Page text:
CASE DIGEST: Aleta vs. Sofitel Philippine Plaza Manila, G.R. No. 228150, January 11, 2023

J. Leonen


Karlos had two (2) children namely Carlos and Mario who were five (5) and three (3) years old respectively. On February 13, 2009, Carlos and Mario together with their grandparents, Atty. Bonifacio and Dr. Marilyn went to Sofitel to check-in. Dr. Marilyn brought Carlos and Mario to the hotel’s kiddie pool. As Mario was stepping into the pool near the lifeguard station, he suddenly slipped which resulted to his head hitting the rugged edge of the pool. He sustained injuries which caused his head to bleed. Meanwhile, Carlos mounted the kiddie pool slide and thereafter bumped his head. He sustained a contusion, which likewise caused his head to bleed.

Karlos and Dr. Marilyn administered first aid to the children and brought the children to the hotel’s clinic for further treatment.

On February 25, 2009, Karlos sent a Letter to Mr. Bernd Schneider, Sofitel’s Manager, demanding compensation for his children’s injuries. However, his request for compensation was denied.

Four (4) months later, Carlos started d having seizures and was admitted at Medical City. He was subjected to laboratory diagnostics and procedures which caused his father to incur expenses.

Later, Karlos filed a Complaint for Damages against Sofitel before the Metropolitan Trial Court. He maintained that the injuries sustained by his children were the result of Sofitel’ s negligence and therefore prayed that it be ordered to pay him the following: (1) P50,000.00 as actual damages; (2) P100,000.00 as moral damages; (3) P50,000.00 as exemplary damages; and (4) P50,000.00 as attorney’s fees.

After trial, the MTC dismissed the Complaint of Karlos on the ground that he was unable to substantiate his allegations. It found that Karlos failed to prove that the injury sustained by his children was the proximate cause of his children’s admission at Medical City.

The RTC and CA affirmed the decision of MTC.

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Karlos went to the Supreme Court citing Articles 2176 and 2180 of the Civil Code and argues that respondent should be held liable for the injuries sustained by his children. He maintains that the presence of a slide within the pool’s premises made it an attractive nuisance, which should have prompted respondent to place more safeguards. He stresses that while warning signs were posted regarding the use of the pool, the same were placed in an inconspicuous place which could not have ensured the safety of its guests.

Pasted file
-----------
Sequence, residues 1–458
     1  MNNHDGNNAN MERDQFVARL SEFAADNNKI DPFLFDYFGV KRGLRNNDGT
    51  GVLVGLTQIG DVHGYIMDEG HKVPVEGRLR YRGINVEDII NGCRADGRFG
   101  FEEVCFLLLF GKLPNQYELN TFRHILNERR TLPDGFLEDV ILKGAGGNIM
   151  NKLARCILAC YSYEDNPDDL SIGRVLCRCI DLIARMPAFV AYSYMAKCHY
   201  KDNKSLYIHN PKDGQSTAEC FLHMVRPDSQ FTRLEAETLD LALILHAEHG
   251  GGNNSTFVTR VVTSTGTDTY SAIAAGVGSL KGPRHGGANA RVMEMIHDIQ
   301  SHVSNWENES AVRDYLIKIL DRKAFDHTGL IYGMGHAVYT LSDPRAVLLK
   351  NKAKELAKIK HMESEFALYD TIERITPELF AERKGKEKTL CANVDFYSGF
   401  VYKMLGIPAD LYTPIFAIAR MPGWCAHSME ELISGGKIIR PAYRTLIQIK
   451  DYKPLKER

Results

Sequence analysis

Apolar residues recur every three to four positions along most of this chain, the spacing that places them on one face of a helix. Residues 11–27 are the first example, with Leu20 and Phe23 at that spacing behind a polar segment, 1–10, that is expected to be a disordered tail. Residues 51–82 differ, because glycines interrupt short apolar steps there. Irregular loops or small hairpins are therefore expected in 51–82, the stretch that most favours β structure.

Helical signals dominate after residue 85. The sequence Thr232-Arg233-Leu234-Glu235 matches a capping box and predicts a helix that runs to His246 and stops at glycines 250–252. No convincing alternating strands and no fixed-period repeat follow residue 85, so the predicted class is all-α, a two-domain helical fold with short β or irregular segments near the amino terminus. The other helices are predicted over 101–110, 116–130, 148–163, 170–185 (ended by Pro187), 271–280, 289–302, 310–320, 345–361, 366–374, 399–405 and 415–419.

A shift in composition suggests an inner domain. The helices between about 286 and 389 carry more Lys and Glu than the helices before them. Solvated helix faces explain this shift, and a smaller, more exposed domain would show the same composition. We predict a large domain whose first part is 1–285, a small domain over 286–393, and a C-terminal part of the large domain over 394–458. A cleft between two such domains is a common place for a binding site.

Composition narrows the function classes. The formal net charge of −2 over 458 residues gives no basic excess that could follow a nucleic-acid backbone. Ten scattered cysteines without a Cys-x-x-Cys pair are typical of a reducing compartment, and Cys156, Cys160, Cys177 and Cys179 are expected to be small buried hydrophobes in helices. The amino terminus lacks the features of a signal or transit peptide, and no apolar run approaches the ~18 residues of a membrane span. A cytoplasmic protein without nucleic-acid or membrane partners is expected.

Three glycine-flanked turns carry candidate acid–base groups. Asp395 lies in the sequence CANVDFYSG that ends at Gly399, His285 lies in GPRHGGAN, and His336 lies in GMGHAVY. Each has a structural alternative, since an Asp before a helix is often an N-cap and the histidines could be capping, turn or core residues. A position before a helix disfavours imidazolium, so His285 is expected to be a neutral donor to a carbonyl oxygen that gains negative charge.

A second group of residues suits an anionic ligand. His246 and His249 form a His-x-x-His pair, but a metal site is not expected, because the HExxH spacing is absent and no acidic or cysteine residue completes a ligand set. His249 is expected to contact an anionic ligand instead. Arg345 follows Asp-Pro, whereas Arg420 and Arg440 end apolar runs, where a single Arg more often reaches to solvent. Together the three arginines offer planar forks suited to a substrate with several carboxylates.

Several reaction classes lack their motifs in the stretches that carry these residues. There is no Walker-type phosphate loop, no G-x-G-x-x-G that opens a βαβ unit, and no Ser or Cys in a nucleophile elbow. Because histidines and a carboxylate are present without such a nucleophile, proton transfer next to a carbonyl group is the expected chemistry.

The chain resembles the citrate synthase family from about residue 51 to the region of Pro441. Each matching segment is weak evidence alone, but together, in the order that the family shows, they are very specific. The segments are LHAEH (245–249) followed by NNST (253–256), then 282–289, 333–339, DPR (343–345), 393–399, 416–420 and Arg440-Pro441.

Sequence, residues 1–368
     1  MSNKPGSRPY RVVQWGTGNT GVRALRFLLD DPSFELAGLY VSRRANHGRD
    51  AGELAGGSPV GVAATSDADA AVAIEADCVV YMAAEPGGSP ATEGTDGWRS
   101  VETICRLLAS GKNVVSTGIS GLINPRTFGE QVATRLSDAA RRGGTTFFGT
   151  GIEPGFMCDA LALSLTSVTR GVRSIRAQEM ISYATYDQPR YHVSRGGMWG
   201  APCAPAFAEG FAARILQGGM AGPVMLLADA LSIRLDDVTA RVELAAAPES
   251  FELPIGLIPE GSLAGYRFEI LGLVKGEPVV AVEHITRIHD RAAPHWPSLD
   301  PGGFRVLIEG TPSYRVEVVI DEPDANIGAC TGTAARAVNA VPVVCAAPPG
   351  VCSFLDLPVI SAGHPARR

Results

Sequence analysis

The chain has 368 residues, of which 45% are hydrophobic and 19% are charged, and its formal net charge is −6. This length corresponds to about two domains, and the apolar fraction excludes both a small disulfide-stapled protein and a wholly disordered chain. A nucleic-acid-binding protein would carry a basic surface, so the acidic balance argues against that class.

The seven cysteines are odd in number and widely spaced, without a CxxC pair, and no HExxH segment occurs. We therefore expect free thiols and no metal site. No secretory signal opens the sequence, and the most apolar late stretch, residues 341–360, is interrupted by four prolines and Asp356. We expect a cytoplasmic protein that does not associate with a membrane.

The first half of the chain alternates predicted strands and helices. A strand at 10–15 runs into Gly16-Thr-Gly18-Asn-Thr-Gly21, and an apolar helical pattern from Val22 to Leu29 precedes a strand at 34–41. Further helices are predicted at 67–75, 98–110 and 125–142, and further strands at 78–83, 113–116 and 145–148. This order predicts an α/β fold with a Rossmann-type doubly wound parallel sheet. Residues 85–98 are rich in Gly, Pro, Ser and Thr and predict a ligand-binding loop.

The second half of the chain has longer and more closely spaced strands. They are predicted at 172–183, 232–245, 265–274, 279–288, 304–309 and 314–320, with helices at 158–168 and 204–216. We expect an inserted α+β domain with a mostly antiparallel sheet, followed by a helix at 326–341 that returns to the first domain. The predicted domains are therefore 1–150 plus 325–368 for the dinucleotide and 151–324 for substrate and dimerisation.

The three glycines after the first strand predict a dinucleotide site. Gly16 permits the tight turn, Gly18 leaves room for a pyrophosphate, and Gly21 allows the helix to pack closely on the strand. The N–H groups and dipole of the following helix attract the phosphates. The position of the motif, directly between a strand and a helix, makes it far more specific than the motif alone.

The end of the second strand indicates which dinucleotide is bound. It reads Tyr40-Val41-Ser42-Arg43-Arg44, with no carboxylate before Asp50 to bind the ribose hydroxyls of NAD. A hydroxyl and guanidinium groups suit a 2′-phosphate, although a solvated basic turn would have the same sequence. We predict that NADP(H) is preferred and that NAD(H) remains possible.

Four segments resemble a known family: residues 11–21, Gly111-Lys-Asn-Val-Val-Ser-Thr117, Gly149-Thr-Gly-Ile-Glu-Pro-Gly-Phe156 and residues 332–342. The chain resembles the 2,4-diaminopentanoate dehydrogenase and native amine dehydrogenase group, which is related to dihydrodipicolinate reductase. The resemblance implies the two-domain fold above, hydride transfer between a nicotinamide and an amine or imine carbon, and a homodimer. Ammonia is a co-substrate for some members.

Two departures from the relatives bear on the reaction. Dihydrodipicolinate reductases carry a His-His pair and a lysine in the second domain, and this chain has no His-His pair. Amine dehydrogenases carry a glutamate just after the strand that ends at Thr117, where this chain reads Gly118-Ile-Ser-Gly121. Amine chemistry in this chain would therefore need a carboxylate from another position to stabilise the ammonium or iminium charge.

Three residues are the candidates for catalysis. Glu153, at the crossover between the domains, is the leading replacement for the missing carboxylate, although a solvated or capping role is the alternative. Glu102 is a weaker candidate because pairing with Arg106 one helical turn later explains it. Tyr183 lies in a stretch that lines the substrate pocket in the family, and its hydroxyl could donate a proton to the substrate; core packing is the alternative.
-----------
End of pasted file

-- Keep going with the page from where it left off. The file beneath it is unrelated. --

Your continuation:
Karlos demands liability on respondent’s part, citing as his basis the doctrines of attractive nuisance and res ipsa loquitur.

Sofitel argues that Karlos failed to prove the causal connection between his children’s injuries and its supposed negligence. It likewise claims that there were lifeguards on duty at the time of the incident.

Issue and Ruling:

Whether or not respondent Sofitel Philippine Plaza Manila should be held liable for the injuries sustained by Karlos’ children.

Records show that there were two slides installed with slopes ending at the kiddie pool. Although the swimming pool alone may not be considered as an attractive nuisance, the kiddie pool’s close proximity to the slides formed an unusual condition or artificial feature intended to attract children. In other words, the installation of the slides with slopes ending over the swimming pool’s waters makes it an attractive nuisance.

By this reason, Sofitel was duty bound to undertake protective measures to ensure the children’s safety. It was their responsibility to guarantee that appropriate safeguards were in place within the attractive nuisance in order to protect children against the injury from unknown or unseen dangers.

To begin with, it is undisputed that Karlos’ children sustained their injuries while playing within the pool’s premises-an instrumentality within Sofitel’s exclusive management and control.

Further, by reason of the swimming pool’s nature as an attractive nuisance, Sofitel is duty bound to guarantee that it had installed sufficient precautionary measures to ensure the safety of its guests, particularly the children. The establishment of these safeguards should have prevented the incident. Accordingly, it could be inferred that Karlos’ children would not have sustained their injuries were it not for respondent’s negligence.

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No contributory negligence can likewise be imputed against the children. Children, by nature, are enthusiastically inquisitive towards different places and objects, such as pools with slides. By reason of their “childish instincts and impulses” it is expected that they will be drawn to such places to play, unaware of the dangers present within their immediate vicinity.

Based on the foregoing, Sofitel’s failure to prevent the children from using the swimming pool was the proximate cause of the injuries they sustained. To reiterate, by maintaining an attractive nuisance in its premises, it is Sofitel’s responsibility to ensure that necessary precautions are in place to prevent children from being harmed. Sofitel’s failure to install the needed safeguards constitutes negligence for which it should be held liable for damages.

Sofitel was ordered to pay Karlos P50,000 as temperate damages, P100,000 as moral damages, P50,000 as exemplary damages and P50,000 as attorney’s fees.

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